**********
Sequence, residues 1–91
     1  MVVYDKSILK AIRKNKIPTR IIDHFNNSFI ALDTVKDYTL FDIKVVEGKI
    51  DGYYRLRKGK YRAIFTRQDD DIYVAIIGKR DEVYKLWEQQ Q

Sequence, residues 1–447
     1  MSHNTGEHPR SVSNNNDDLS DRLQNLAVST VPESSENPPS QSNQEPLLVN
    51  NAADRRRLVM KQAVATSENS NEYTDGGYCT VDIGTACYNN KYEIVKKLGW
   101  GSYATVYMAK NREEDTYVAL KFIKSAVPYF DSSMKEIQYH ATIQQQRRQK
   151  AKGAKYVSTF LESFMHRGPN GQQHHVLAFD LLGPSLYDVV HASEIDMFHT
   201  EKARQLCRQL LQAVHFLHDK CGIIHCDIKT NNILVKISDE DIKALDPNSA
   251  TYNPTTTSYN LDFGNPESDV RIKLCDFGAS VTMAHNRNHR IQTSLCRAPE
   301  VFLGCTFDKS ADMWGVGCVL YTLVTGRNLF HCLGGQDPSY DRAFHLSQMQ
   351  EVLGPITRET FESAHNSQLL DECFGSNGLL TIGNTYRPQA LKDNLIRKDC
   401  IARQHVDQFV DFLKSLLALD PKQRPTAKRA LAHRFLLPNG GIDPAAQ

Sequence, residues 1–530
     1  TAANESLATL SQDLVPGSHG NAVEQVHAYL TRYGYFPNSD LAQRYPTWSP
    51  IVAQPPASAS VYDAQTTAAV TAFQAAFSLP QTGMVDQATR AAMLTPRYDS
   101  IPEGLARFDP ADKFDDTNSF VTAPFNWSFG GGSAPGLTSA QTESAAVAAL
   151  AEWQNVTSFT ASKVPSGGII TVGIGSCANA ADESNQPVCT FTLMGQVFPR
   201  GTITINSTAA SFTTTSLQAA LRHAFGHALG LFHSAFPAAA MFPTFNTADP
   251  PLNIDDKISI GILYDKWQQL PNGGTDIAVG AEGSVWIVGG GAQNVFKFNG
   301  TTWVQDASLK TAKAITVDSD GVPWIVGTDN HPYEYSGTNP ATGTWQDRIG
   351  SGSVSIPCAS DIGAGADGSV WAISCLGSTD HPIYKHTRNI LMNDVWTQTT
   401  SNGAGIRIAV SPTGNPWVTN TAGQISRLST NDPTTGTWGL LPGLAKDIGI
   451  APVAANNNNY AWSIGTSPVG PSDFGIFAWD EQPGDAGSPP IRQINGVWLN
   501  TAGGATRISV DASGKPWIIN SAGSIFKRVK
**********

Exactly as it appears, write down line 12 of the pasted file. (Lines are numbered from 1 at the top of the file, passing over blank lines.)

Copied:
   351  EVLGPITRET FESAHNSQLL DECFGSNGLL TIGNTYRPQA LKDNLIRKDC